Australian wine industry: where to next?

Posted by Isobel Drake on 7th August 2008

Vineyard- Wine grapes

Despite the difficult environment at both domestic and global levels, the Australian wine industry continues to expand. The challenge, according to a recently released report from the world’s leading food and agribusiness bank, is how to grow value as well as volume.

According to the Rabobank report, the Australian wine industry needs to break away from its image as a supplier of inexpensive wines and begin to improve the average price per bottle in order to secure a sustainable future.

Report author and Rabobank analyst Vera Zelenay said that, although Australia has a long history of domestic wine production, it only began to focus on export opportunities for branded premium wines in the 1990s. Since then, the Australian wine industry has been very successful in delivering to the global market large volumes of good quality and easily approachable wines.

Since around 2000 domestic oversupply, primarily driven by three successive high-yielding seasons in 2004, 2005 and 2006, cornered Australian exports in the relatively low-priced segment of the global market, the report says.

Although Australia markets its wine in a number of different countries, the United States (US) has emerged as a market with significant potential for higher value Australian wine, Ms Zelenay advised. “Over the last twenty years, the US has been increasing its wine consumption at a faster rate than any other major market, and in recent times most of that growth has been at the high-end of the market,” she said.

From 1991 to 2007 the market grew by 83 per cent (141 million cases) to 313 million cases. “If this trend continues, the US is expected to become the largest overall wine market in the world, surpassing Italy in 2008 and France around 2015, the report advises.

In the same period, sales revenues grew much faster than unit volumes, showing that US consumers moved up market in their buying patterns. “The high average wealth in the US, combined with the relatively low per capita consumption of 9.4 litres suggests a significant market expansion opportunity for suppliers who can identify where and how to compete in this huge market and leverage brand, quality and distribution strength to best advantage,” the report states.

Although the Australian wine industry’s production has been fluctuating in response to seasonal conditions, exports have been continuously increasing. “However, up to the end of 2007 this growth has been based on volume rather than value,” Ms Zelenay added.

While the export market is expected to remain fiercely competitive, the winners will be those players who have a deep understanding of their markets and pursue consistent strategies according to their competitive and comparative advantages. “For the Australian wine industry this means improving its global perception in order to grow in value, encouraging consumers to trade up and to choose Australian when moving to a higher price point,” Ms Zelenay suggested. “A more premium focused, value-oriented business will be less vulnerable to the type of production peaks and lows which have characterised the industry over the past five years.”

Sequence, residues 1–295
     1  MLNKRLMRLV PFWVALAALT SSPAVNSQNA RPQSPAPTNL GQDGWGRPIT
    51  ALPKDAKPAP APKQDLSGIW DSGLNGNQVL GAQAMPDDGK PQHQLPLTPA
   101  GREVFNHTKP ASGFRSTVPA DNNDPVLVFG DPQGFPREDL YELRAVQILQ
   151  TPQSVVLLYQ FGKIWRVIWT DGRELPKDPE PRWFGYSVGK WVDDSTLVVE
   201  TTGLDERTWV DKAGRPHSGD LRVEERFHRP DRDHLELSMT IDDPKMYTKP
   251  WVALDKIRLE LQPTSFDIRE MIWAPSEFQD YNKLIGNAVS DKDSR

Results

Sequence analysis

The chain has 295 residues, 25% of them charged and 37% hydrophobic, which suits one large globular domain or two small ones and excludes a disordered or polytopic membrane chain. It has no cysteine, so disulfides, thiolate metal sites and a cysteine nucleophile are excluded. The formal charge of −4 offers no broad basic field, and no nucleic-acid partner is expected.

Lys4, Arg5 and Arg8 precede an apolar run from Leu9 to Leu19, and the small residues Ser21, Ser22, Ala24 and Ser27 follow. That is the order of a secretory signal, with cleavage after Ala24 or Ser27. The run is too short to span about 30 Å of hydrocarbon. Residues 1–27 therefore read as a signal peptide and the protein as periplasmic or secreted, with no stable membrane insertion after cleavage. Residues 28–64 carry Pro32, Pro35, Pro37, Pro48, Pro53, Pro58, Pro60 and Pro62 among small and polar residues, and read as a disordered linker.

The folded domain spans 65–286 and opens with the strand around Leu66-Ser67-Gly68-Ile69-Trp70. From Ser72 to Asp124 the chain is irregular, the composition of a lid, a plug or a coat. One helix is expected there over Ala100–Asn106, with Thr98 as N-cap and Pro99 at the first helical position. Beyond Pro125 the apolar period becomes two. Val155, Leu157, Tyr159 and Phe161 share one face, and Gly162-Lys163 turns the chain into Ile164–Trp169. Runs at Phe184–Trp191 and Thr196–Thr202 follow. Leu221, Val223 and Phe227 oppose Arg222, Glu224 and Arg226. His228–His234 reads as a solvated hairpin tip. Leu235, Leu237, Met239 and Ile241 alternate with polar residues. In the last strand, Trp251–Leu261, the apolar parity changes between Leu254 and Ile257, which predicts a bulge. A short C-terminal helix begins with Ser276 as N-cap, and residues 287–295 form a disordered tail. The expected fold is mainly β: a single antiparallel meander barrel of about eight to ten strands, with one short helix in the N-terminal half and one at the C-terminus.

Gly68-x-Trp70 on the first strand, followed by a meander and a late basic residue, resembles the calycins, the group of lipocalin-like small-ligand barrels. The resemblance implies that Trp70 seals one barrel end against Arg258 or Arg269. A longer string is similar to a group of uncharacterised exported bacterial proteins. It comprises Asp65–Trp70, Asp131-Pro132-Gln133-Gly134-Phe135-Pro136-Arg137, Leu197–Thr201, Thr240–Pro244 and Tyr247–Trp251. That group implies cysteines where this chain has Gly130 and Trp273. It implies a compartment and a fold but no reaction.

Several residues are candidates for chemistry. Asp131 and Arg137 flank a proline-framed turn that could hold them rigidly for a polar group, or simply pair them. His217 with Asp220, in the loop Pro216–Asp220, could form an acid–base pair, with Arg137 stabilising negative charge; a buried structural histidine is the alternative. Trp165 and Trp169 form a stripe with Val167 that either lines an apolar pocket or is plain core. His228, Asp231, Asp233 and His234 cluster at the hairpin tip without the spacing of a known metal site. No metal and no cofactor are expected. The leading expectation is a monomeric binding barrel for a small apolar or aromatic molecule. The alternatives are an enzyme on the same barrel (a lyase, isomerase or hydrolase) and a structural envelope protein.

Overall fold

At the moment there appears to be a gap in the offer of domestic wines in the USD9 to USD12 price point, “which is a clear opportunity for Australian wine,” the report claims. “This represents an attractive price segment and provides a foothold for a segmentation strategy, offering a wide range of new experiences and encouraging consumers to trade up,” the report continues.

Market research will play an important role in getting to know the attributes that particular markets value, according to Ms Zelenay, who says this will improve the effectiveness of marketing campaigns aimed at different consumers and will contribute to achieving consumer satisfaction and loyalty.

However, Ms Zelenay cautioned that, while the US market undoubtedly presents opportunities, there are also numerous challenges for Australian wine exporters. Its complex distribution system, elevated shipping costs from Australia, a weak US dollar and the looming recession are some examples that will ensure the market remains challenging. “Dealing with the three-tier distribution system will in many cases act as an entry barrier, being the main challenge to effectively penetrating the higher end of the US market,” Ms Zelenay warned.

The Australian wine sector has significantly expanded, achieving record levels of production and an efficient alignment with consumer trends.

“In order to continue its prosperous development, the industry’s challenge is now to move to a superior proposition. Wine grape growers and wine makers need to make considerable improvements in their levels of profitability to ensure a healthy and sustainable Australian wine sector,” Ms Zelenay concluded.

Rabobank’s newly appointed senior wine analyst, Adam Morris, agreed that the opportunity for quality Australian wine producers to reposition themselves in faster growing, higher value segments will be critical to the continued viability of the industry. “Australia is in fact in a much stronger position to launch this strategy than other exporting nations in the US market due to its hard-fought reputation for innovation and over-delivery on quality at a given price,” Mr Morris said.